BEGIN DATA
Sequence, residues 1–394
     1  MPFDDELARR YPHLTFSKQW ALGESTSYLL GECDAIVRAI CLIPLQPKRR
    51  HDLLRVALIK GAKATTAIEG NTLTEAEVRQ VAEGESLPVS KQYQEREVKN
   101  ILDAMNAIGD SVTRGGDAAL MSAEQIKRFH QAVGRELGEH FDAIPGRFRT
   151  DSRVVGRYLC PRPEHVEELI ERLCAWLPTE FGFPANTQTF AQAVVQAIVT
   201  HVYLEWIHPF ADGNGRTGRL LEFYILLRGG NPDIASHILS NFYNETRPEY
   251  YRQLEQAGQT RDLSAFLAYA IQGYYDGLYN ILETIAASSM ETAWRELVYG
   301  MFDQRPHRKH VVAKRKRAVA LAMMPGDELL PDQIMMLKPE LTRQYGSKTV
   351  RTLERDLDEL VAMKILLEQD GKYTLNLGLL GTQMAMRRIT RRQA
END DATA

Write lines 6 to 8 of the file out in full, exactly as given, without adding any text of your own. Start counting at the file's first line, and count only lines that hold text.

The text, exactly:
   201  HVYLEWIHPF ADGNGRTGRL LEFYILLRGG NPDIASHILS NFYNETRPEY
   251  YRQLEQAGQT RDLSAFLAYA IQGYYDGLYN ILETIAASSM ETAWRELVYG
   301  MFDQRPHRKH VVAKRKRAVA LAMMPGDELL PDQIMMLKPE LTRQYGSKTV